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I posted the following question also here, but thought that I can get more answers in MO. Let $(\Omega,\Sigma)$ be a measurable space and $\nu_1$, $\nu_2$ two probability measures on it. For $i=1,2$, let $L_{\nu_i}:L^{1}(\nu_i)\rightarrow\mathbb R$ be the map defined by $L_{\nu_i}(g)=\int_\Omega gd\nu_i$. Denote by $[1_E]_{\nu_i}$ the equivalence class in $L^1(\nu_i)$ of the characteristic function $1_E$. Does there always exist a linear map $M:L^1(\nu_1)\rightarrow L^1(\nu_2)$ such that $$L_{\nu_2}\circ M([1_E]_{\nu_1})=L_{\nu_1}([1_E]_{\nu_1})$$ for all $E\in\Sigma$? When $\nu_1$ is absolutely continuous to $\nu_2$ then, by the Radon-Nykodim Theorem, the map $M$ can be given explicitly, i.e. there exists a $\Sigma$-measurable function $f:\Omega\rightarrow\mathbb R$, such that $M(g):=f\cdot g$ will satisfy the equation given above. So the question becomes interesting when $\nu_1$ and $\nu_2$ are singular to each other, and the spaces $L^1(\nu_1)$ and $L^1(\nu_2)$ are not isometric. The way I think of it is, that it could characterize in some/all cases a Radon-Nykodim derivative when the measures are singular to each other...comments on this are welcome!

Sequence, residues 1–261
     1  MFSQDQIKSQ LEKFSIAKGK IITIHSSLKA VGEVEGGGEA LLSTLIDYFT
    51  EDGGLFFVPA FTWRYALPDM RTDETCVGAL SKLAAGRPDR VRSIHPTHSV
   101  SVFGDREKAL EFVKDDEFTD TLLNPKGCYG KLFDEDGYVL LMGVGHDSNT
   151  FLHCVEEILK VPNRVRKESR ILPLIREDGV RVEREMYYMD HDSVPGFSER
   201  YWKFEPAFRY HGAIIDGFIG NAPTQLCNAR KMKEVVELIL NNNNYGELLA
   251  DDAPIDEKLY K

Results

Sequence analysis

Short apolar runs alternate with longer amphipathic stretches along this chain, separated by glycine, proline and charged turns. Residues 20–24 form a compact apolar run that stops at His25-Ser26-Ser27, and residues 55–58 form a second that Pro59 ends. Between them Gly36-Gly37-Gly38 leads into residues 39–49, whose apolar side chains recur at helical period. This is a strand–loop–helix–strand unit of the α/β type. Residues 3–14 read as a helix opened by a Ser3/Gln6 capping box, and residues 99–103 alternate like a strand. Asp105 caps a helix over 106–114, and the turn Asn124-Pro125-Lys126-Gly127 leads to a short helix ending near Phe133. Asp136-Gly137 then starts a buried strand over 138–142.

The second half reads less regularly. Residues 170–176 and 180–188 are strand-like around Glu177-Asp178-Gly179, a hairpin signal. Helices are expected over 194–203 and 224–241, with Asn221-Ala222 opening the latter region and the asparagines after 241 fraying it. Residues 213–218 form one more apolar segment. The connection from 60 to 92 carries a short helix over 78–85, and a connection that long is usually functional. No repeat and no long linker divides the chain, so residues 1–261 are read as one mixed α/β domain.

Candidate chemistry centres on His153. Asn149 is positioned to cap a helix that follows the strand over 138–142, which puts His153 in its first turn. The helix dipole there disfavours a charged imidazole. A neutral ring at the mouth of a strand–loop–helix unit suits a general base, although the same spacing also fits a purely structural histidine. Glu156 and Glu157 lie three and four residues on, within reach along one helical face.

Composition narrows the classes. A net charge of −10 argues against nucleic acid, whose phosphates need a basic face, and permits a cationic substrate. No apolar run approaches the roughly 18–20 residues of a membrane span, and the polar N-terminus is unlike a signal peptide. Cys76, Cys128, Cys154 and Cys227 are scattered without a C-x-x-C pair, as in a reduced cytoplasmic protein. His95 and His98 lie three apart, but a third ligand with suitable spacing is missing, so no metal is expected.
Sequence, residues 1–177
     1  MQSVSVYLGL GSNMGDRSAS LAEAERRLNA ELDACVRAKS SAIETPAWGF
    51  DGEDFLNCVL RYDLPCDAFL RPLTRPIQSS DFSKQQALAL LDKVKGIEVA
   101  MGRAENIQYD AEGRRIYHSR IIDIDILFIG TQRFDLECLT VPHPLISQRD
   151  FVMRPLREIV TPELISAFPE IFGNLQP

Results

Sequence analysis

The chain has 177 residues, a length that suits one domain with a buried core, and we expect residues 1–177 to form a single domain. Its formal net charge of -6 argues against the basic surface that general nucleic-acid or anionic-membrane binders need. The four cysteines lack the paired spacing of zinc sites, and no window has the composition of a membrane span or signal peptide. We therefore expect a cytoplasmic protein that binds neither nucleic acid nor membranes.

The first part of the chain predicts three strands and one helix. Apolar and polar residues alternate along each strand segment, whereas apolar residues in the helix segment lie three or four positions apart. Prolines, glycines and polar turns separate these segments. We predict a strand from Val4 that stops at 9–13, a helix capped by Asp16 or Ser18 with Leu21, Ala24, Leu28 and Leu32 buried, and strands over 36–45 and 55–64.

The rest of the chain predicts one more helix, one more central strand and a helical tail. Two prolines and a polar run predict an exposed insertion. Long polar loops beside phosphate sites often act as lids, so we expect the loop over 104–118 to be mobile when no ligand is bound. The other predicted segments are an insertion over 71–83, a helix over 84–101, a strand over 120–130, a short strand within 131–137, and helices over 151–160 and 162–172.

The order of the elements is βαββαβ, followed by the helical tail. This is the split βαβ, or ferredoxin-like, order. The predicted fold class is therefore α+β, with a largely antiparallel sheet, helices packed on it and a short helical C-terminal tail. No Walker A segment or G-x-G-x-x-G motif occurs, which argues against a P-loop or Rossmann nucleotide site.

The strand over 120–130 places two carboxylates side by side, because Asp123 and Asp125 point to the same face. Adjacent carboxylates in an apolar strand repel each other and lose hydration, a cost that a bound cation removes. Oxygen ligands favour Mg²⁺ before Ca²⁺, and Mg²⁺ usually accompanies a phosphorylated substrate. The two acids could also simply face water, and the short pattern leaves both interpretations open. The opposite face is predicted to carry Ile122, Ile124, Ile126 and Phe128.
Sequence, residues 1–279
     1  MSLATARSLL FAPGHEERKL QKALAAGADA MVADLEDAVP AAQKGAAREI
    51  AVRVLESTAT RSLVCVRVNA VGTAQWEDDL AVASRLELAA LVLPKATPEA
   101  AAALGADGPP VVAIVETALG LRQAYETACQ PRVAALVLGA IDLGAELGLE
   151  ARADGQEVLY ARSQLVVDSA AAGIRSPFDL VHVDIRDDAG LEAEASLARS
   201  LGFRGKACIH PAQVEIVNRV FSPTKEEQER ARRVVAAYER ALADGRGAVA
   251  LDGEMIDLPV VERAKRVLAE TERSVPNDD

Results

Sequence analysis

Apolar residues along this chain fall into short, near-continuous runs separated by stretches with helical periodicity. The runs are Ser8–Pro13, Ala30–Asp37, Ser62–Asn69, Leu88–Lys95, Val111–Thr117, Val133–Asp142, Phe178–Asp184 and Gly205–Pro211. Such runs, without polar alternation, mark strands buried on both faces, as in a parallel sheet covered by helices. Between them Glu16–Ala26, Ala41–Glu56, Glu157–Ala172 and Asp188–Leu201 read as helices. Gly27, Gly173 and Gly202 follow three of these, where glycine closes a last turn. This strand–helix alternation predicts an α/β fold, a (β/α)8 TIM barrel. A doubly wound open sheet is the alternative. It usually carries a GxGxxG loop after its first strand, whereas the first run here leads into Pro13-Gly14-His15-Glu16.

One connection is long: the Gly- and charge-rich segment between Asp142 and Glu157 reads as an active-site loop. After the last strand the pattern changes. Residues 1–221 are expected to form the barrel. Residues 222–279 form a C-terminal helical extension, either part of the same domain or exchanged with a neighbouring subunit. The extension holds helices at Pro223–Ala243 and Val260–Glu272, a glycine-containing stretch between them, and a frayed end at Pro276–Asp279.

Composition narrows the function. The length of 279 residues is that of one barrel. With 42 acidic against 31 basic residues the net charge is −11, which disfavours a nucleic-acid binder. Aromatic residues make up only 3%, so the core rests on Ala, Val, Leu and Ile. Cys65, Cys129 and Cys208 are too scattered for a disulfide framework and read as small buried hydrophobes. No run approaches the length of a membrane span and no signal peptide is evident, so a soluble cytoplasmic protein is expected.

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up vote 1 down vote accepted

How about $M \colon L^1(\nu_1)\rightarrow L^1(\nu_2) \colon g \mapsto (x \mapsto \int g~d\nu_1)$?

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ok, you are right. so the above equality does not really charachterize the radon-nikodym derivative! –  Andy Teich Nov 1 '12 at 13:23
    
one should impose that $M$ is injective (???) on the set of all characterisitc functions in $L^1(\nu_1)$ in order to make my question reasonable... –  Andy Teich Nov 1 '12 at 14:47
    
Then the answer would be no (in general): take $\nu_1 = \mathcal{L}|_{[0,1]}$ and $\nu_2 = \delta_0$ (with $\Omega = [0,1]$). Then the $M$ above is the only possible mapping with the desired properties. –  Tapio Rajala Nov 1 '12 at 14:54
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